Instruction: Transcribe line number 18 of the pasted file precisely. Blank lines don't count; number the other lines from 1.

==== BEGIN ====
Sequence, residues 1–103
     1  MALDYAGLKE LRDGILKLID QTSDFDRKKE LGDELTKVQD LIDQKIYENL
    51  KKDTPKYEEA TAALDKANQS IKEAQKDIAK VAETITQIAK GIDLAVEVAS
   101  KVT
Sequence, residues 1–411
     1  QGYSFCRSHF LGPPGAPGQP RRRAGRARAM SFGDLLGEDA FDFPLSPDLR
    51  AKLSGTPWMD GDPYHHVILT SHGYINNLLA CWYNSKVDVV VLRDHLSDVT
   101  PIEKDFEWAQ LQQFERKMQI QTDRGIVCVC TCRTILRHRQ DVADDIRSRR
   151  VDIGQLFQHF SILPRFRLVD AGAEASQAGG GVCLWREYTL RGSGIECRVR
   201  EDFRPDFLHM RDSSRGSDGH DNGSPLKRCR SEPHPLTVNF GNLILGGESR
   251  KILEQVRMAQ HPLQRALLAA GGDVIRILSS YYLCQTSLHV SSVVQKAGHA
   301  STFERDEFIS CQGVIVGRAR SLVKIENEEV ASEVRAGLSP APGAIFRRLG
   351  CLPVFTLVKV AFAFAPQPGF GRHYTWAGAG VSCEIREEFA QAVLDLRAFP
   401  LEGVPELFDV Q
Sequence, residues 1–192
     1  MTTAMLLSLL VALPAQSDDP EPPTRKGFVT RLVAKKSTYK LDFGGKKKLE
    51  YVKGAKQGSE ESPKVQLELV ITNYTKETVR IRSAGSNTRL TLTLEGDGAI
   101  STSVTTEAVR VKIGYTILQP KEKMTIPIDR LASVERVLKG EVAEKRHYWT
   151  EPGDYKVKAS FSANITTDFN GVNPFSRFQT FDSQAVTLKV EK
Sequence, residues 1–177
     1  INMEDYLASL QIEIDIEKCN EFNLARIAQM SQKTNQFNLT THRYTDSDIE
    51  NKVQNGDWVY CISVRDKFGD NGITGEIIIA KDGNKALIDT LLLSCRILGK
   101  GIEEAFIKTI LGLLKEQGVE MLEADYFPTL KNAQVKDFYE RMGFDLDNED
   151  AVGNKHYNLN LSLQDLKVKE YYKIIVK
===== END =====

   101  STSVTTEAVR VKIGYTILQP KEKMTIPIDR LASVERVLKG EVAEKRHYWT